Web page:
After landing LM-11 Orion on the Moon’s Cayley Plains, Duke and Young commenced three Extra-Vehicular Activities or EVA excursions. They explored lunar features and collected a total of 95.8kg of surface material samples. They also set up and put in motion a number of automated experiments on the lunar surface that would continue to send data after Young, Mattingly and Duke had returned to Earth. On the Moon’s surface astronaut Young tripped over and broke a cable to some heat-flow sensors effectively disabling a lunar experiment. On-board, the crew: took photographs while their spacecraft orbited the Moon; carried out further ‘inflight’ experiments; conducted electrophoresis experiments requiring micro-gravity; completed engineering evaluations of spacecraft and equipment.

 

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A UFO? Although the bright corner shapes are only window reflections, a flying saucer-like object was captured on a few seconds of film above the Moon as the Apollo 16 crew were commencing their flight home on the Command Module. (Image credit: NASA)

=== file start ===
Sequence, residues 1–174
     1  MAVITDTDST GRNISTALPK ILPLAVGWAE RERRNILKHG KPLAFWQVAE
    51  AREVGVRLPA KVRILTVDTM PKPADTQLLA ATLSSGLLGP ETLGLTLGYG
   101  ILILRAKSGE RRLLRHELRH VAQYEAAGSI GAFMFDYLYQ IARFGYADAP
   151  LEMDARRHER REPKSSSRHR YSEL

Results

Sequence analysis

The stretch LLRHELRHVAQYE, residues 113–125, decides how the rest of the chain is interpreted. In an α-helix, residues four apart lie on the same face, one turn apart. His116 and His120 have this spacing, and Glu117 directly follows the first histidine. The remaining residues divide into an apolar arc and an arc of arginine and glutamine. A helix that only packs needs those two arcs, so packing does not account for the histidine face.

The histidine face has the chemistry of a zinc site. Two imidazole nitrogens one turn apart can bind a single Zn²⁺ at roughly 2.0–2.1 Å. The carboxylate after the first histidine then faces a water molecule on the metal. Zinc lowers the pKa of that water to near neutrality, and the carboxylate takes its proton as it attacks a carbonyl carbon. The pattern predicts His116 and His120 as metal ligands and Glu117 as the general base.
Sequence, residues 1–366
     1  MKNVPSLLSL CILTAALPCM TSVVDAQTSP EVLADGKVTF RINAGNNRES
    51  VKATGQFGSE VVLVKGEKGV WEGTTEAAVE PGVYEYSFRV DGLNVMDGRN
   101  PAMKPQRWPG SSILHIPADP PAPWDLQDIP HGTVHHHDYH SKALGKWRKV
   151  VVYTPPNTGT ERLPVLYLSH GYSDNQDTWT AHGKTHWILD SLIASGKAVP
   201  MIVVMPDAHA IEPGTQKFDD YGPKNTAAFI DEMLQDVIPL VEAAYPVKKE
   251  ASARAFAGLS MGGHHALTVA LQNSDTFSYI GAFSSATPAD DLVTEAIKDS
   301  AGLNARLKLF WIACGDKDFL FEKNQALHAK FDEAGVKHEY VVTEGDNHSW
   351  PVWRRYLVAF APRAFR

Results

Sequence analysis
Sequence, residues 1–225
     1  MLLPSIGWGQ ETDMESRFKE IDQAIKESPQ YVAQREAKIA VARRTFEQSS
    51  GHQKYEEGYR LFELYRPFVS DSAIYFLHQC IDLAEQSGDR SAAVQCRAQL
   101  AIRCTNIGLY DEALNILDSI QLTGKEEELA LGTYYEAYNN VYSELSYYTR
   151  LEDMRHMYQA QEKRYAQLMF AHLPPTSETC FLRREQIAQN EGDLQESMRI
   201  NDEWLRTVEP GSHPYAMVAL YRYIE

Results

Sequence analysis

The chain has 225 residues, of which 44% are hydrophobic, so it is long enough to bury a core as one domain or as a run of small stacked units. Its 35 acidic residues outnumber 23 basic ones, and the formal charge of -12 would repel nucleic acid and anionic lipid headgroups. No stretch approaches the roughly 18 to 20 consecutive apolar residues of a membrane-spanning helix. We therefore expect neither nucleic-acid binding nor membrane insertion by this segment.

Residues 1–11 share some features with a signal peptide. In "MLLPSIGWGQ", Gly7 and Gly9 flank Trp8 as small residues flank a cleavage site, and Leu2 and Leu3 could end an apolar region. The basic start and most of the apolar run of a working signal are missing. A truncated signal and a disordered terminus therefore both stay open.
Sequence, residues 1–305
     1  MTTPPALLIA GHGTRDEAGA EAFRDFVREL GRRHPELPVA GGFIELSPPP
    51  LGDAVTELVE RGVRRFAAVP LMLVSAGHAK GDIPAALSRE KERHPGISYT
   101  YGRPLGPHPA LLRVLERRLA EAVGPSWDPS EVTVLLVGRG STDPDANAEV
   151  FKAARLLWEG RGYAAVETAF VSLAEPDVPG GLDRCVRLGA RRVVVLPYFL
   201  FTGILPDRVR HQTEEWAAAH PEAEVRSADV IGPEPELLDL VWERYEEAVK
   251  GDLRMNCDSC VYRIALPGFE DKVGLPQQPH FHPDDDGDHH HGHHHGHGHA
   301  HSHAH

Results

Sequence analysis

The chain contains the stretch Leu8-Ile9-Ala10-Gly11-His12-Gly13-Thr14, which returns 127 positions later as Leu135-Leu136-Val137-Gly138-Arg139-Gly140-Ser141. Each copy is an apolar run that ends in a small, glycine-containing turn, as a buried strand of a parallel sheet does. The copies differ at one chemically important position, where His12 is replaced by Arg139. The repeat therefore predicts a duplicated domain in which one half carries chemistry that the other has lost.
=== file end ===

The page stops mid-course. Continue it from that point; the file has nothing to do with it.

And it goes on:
Appearing to be a saucer shape with a dome on top, an UFO above the Moon received no less interest than the attention of an entire analysis team back at NASA when Apollo 16 was complete. Verdict: the mysterious object that briefly swung into the field of view was discovered to be none other than a floodlight jutting out on the end of a boom from the bottom of the crew’s own Command Module.

 

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With Duke and Young onboard, the Ascent Module blasts off throwing debris everywhere. (Image credit: NASA)

 

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Apollo 16’s Ascent stage looks a bit the worst for wear during its rendezvous with the CSM (Image credit: NASA)